February , 2020
Prospect of India's steel sector optimistic
12:00 pm

B.E. Bureau

The Indian economy is passing through a phase of slowdown. Steel prices are falling and the government’s fiscal deficit is expected to rise. The national Budget is expected to announce many areas where public investment will be high. The corporate sector will also be benefited when public investment will rise. There are possibilities of increasing the Public Private Partnership (PPP) mode of investment in sectors like railways, roadways and other infrastructure projects. There is also a possibility of increasing FDI in infrastructure.

In all these sectors, steel is used extensively. Therefore, the demand for steel will increase. If the government increases its expenditure in infrastructure, it will pave the way for crowding in of private sector investment in the economy. Recently, the Indian government has announced its plan to invest more than 100 lakh crore in the coming few years. In this plan, both the private sector and state governments will have shares of the expenditure. In FY 18-19, the government has invested 6% of its GDP in infrastructure.

Some of the big projects like Sagarmala, Bharatmala and coastal shipment development are in focus for the central government. In all these projects, the requirement of steel will be huge. Another important project has been the Housing for All. Millions of houses will be constructed in rural and urban areas. This will also boost the demand for steel.

In the last few years, state expenditure on infrastructure has been on the rise. This is due to the bigger revenue share of the state. This has been a result of the implementation of the last Finance Commission’s recommendations. Spending on infrastructure has been higher. One can consider Ujjwala Yojna of the central government. Cooking gas connectivity has been expanded to remote areas. This has also increased the demand for steel. There are some other programmes that include the supply of piped water to all households. But there is a problem. The tendency of using PVC pipes is rising and that is not user-friendly. Use of iron pipe lines needs to be encouraged. At the same time, construction of water tanks is also taking place where the requirement of steel is quite high.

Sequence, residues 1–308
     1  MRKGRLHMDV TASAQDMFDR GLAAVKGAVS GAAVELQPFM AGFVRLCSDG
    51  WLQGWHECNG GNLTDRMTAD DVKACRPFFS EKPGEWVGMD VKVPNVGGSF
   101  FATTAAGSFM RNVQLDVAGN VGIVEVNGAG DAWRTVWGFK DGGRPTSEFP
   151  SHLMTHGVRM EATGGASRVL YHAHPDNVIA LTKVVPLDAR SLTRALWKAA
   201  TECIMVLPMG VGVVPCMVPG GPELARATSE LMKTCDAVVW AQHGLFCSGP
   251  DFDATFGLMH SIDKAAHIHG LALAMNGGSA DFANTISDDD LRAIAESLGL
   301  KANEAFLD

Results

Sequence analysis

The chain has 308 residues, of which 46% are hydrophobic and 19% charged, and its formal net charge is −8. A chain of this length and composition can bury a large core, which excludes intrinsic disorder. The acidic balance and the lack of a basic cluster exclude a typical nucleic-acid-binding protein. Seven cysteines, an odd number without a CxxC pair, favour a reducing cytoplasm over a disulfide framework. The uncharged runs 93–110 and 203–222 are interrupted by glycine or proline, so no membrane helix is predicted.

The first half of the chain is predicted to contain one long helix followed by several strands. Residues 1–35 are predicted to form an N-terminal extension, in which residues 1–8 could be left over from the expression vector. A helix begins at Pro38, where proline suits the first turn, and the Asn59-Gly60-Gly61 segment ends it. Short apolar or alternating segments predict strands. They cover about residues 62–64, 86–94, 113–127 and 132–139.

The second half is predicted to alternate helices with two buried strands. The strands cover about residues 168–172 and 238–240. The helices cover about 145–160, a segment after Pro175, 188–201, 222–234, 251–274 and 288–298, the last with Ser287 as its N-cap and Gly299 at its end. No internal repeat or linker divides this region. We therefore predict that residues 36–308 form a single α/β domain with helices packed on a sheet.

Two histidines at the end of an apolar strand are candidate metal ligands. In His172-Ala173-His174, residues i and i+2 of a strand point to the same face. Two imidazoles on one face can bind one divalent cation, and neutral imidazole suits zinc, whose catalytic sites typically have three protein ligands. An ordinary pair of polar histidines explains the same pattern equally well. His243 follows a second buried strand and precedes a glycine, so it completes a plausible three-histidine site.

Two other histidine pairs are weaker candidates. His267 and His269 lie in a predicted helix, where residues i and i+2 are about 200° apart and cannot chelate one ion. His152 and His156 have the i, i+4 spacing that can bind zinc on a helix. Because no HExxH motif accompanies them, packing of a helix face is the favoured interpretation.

There are also several challenges. The Indian economy has been slowing down. Therefore financing of all infrastructure projects may remain incomplete. The target of the FRBM Act for fiscal deficit cannot not be maintained if the government
has to develop infrastructure at the desired level. The government may need to issue financial bonds for this purpose. One can think of the Chinese experience in this regard. Most of the states of China also issued bonds for their own infrastructure development. At present, China has achieved a remarkable infrastructure base.

Supply-side bottlenecks

It is not easy for the industry to go for more green field projects. There are problems in acquiring new land, having environmental clearances and ensuring rehabilitation of the people in proposed site of the project. Therefore, the need is to focus more on brown field projects. In almost all the existing steel producing plants, large portions of unused land is available for enhancing capacity. These steel manufacturing units can also earn additional revenue by selling their excess thermal power from their own captive power plants.

Steel is used mostly used in infrastructure, real estate, and housing. Rail, road and telecommunication are also steel intensive. About 22% of steel in India goes to the engineering industry including consumer durables. In this situation, Indian steel producers should concentrate more in producing Light Gauge Steel Frame which can be used in many consumer durable items. Now a considerable portion of it is being made by PVC or plastic items. Another fact is that we import engineering goods made by steel to a large extent (around six to seven million tonne per year). These are mainly assembled here. If the required steel is available in India, these would be made by Indian capital goods producers. Lastly, our rural demand has been rising. It has now been increased to 28 kg per capita. There is a huge scope in enhancing steel consumption in rural areas and that should be encouraged.

As told to BE’s Kishore Kumar Biswas by Susim Banerjee, DG, Institute of Tseel Development and Growth.


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